This second one-week course will cover the mathematics of functional brain imaging. Diverse mathematical techniques are now widely used for analyzing functional images of the brain. These include the analysis of time-series of images from functional MRI scanning, positron emission tomography, as well as MEG, EEG, and optical imaging of the cortex. Each technique has given rise to sophisticated mathematics for detecting and analyzing the underlying features in these images. Methods will be outlined for Bayesian analysis of fMRI time-series, as well as statistical analysis using ICA and PCA, random field theory, and integration of multiple functional brain imaging techniques.


John Ashburner (Institute of Neurology)
Nicholas Ayache (INRIA Sophia Antipolis)
Christian Beckmann (Oxford University)
David Boas (Massachusetts General Hospital)
Edward Bullmore (Cambridge University)
Richard Buxton (University of California at San Diego)
Tony Chan (UCLA)
Mark Cohen (UCLA)
John Csernansky (Washington University)
Anders Dale (Massachusetts General Hospital)
Jan de Leeuw (UCLA)
Mathieu Desbrun (University of Southern California)
Ivo Dinov (UCLA)
James Duncan (Yale University)
Steve Engel (UCLA)
Olivier Faugeras (INRIA Sophia Antipolis)
Bruce Fischl (Massachusetts General Hospital)
James Gee (University of Pennsylvania)
Chris Genovese (Carnegie Mellon University)
Guido Gerig (University of North Carolina)
Anil Hirani (California Institute of Technology)
Darryl D. Holm (Los Alamos National Laboratory)
Monica Hurdal (Florida State University)
P. S. Krishnaprasad (University of Maryland)
Richard Leahy (University of Southern California)
Thomas Liu (University of California at San Diego)
Jean-Francois Mangin (CEA Saclay, France)
Randy McIntosh (University of Toronto)
Michael Miller (Johns Hopkins University)
Tom Mitchell (Carnegie Mellon University)
Susumu Mori (Johns Hopkins University)
David Mumford (Brown University)
Thomas Nichols (University of Michigan)
Douglas Noll (University of Michigan)
Will Penny (UCLA)
Jerry Prince (Johns Hopkins University)
J. Tilak Ratnanather (Johns Hopkins University)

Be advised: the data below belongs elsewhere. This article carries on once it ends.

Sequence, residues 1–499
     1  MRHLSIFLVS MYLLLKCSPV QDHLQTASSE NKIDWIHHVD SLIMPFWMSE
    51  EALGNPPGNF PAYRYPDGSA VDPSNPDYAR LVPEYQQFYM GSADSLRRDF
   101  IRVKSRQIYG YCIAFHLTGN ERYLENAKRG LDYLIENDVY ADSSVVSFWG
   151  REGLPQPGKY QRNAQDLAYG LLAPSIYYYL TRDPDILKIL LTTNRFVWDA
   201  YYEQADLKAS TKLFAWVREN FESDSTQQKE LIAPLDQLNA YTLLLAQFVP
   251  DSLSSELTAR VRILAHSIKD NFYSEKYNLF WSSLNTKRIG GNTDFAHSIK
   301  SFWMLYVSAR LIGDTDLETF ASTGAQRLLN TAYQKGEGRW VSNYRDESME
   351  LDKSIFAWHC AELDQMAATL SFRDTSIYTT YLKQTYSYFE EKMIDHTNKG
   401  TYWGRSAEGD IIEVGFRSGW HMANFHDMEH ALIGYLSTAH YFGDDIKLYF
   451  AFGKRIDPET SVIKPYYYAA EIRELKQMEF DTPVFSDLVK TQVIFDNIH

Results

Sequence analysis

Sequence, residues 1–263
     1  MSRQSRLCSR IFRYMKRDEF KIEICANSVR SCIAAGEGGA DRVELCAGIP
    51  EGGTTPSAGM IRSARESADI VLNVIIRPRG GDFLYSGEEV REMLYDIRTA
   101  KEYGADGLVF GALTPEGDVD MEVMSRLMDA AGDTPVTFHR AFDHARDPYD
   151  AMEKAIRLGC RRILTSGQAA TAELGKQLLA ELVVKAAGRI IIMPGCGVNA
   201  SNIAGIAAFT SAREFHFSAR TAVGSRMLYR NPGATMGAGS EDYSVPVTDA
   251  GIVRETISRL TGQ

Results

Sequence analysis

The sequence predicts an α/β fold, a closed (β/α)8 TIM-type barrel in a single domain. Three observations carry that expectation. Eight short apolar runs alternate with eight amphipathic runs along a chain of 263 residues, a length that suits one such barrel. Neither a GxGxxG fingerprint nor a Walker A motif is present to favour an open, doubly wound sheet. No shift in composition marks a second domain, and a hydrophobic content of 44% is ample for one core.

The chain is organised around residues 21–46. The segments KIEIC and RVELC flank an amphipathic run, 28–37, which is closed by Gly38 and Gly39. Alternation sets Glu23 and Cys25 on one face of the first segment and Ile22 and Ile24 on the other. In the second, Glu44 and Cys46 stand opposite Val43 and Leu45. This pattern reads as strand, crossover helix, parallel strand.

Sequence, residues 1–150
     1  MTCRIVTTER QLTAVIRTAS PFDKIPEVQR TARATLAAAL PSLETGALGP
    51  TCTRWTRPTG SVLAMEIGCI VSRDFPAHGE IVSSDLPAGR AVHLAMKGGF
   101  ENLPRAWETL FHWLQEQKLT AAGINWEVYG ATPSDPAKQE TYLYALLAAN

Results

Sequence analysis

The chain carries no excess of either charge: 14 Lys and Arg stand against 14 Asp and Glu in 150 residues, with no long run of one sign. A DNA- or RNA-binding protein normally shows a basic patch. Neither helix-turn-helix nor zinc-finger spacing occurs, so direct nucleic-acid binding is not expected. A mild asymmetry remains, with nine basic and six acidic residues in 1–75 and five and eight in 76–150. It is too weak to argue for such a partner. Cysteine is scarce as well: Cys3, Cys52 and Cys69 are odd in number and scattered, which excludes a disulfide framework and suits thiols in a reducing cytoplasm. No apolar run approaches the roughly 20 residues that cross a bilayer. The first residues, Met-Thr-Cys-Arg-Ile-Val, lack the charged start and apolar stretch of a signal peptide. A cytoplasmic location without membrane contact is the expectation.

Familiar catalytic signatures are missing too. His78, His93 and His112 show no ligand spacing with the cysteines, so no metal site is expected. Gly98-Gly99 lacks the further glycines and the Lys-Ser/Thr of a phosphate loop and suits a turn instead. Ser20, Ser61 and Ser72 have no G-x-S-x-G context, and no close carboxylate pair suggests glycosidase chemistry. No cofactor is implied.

David Rex (UCLA)
Denis Riviere (CEA Saclay, France)
Guillermo Sapiro (University of Minnesota)
David Shattuck (UCLA)
Steve Smith (Oxford University)
Ken Stephenson (University of Tennessee,Knoxville)
Steven Strother (University of Minnesota)
Jonathan Taylor (Stanford University)
Paul Thompson (UCLA)
Art Toga (UCLA)
Alain Trouvé (Ecole Normale Supérieure, France)
David van Essen (Washington University)
Lei Wang (Washington University/School of Medicine)
Thomas D. Wickens (University of California at Berkeley)
Keith Worsley (McGill University)
Laurent Younes (Ecole Normale Supérieure, France)
Alan Yuille (UCLA)

Other Links and Events

Application For Funding/Registration

Registration is now closed and we are no longer accepting applications for funding. We are very gratified by the tremendous response of the the scientific community to this program. Because of this large response and space considerations we can no longer accept registrations. In addition there is a waiting list for any potentially available slots. We welcome your interest in IPAM programs. Check this website for updates about online program materials and other options.

Contact Us:

Institute for Pure and Applied Mathematics (IPAM)
Attn: MBI2004
460 Portola Plaza
Los Angeles CA 90095-7121
Phone: 310 825-4755
Fax: 310 825-4756
Email: ipam@ucla.edu
Website: http://www.ipam.ucla.edu/programs/mbi2004/